Defining a Prologue
Definition of prologue 1 : the preface or introduction to a literary work. 2a : a speech often in verse addressed to the audience by an actor at the beginning of a play. b : the actor speaking such a prologue. 3 : an introductory or preceding event or development.
What should a prologue include?
A good prologue should set the scene for the story to come.
This may include:
- Introducing important characters and themes.
- Setting out backstory required to follow the main narrative.
- Telling the reader something about the story world.
What is the literary definition of a prologue?
prologue, a preface or introduction to a literary work. In a dramatic work, the term describes a speech, often in verse, addressed to the audience by one or more of the actors at the opening of a play.
What is an example of prologue?
The prologue sets up what is about to happen in the narrative. What is this? The opening lines of The Canterbury Tales by Geoffrey Chaucer are an example of a classic prologue.
What is the main purpose of the prologue?
The definition of prologue introduce important information—such as background details, or characters—that have some connection to the main story, but whose relevance is not immediately obvious.
How long is a prologue supposed to be?
The length of a prologue depends on the nature of the story, but it’s best to keep it trim. One to five pages should suffice. “I don’t mind prologues if they fit the story, and I do like them fairly short,” says agent Andrea Hurst, president of Andrea Hurst & Associates.
What does a prologue look like?
The prologue should read like a short story in every aspect, except for its ending. Rather than resolving all conflict, the end should leave the reader intrigued. Any conflict created in the prologue, however, must be resolved somewhere along the plot.
How many words should be in a prologue?
Some sites suggest no more than 1,000 words while others say up to 3,000 words is an adequate number. If it helps, my average chapter is about 1.5K words.
What is the difference between a preface and a prologue?
The main difference between preface and prologue is that preface serves as an introduction to the literary work whereas the prologue serves an introduction to the story in the literary work.
How do you make a prologue?
A prologue is always written from a character or narrator’s point of view. Only add a prologue if your purpose is one of the following: You need to provide background information or a backstory that doesn’t fit in the main text. You want to set the tone for the rest of the work.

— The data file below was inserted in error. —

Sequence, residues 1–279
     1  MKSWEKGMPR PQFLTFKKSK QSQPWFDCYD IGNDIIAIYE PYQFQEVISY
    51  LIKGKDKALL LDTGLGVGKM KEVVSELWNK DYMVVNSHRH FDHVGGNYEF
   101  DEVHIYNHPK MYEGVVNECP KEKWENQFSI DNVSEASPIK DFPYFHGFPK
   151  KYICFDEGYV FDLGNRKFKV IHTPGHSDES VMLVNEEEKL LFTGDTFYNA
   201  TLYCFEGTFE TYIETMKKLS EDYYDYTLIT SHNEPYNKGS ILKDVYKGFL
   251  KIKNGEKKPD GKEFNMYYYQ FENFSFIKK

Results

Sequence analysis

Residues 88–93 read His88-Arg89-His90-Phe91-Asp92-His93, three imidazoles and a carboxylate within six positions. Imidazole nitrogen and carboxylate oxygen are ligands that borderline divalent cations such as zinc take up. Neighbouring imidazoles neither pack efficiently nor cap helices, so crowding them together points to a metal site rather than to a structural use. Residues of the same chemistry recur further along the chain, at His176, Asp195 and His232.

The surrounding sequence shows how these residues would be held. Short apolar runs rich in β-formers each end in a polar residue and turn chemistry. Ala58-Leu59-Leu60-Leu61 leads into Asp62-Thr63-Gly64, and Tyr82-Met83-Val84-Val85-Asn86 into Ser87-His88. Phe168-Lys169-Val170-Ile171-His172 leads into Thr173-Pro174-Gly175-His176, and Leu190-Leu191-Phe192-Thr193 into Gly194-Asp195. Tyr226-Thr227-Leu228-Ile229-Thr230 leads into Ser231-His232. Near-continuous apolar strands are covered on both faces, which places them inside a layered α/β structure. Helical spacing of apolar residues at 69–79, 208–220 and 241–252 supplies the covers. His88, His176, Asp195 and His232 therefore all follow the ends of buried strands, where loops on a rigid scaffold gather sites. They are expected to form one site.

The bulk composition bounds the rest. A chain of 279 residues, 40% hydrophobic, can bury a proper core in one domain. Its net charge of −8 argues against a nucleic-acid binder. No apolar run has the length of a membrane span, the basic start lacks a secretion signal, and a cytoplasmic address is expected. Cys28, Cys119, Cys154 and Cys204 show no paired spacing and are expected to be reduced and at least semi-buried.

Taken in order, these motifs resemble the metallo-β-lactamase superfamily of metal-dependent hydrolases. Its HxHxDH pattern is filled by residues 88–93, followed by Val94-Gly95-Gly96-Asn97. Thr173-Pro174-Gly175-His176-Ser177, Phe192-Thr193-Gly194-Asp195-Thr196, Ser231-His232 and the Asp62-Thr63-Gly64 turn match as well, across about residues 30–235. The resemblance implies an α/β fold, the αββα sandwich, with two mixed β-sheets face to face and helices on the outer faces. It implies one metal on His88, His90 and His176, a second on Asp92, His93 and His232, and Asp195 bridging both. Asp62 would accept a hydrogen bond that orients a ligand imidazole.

Does a prologue come before an introduction?
You absolutely can have both an introduction and a prologue. Both are concepts which are well-familiar to readers; they will not be confused by it. If you do have both, the Introduction comes first, before any of the fiction begins.
Is a prologue necessary?
If you have the information you must convey to the reader that can’t be worked into the main novel, you may need a prologue. If the story doesn’t make sense without the prologue. If you can remove the prologue (or a reader can skip it), and their understanding is not damaged, a prologue is not necessary.
What is a prologue and an epilogue?
A prologue is an independent front matter of the novel, which gives an opening hint to the reader, as to what the story is all about. On the contrary, an epilogue implies a literary device, which is an additional and independent part of the literary work, which concludes the story.
What is the synonym of prologue?
nounintroduction to a document. exordium. overture. preamble. preface.
What is the difference of prologue to introduction?
Prologue — A prologue is similar to an Introduction, and in my view it is really exactly the same. The difference is simply that if you write a Prologue, it makes sense to also write an Epilogue, while with an Introduction you don’t expect any type of closing to the book other than the last chapter.
What is the purpose of a prologue in Romeo and Juliet?
The Prologue does not merely set the scene of Romeo and Juliet , it tells the audience exactly what is going to happen in the play. The Prologue refers to an ill-fated couple with its use of the word “star-crossed,” which means, literally, against the stars.
How many lines does the prologue have?
The Sonnet Form
Shakespeare wrote the prologue of “Romeo and Juliet” in the form of a Shakespearean sonnet, which means that the prologue is a poem with 14 lines written in iambic pentameter.
Who reads the prologue?
The prologue in a book is always written by the author of the book. In the prologue, the author gives an introduction that sets the scene for the story to come. It is part of the book and should be read before chapter 1.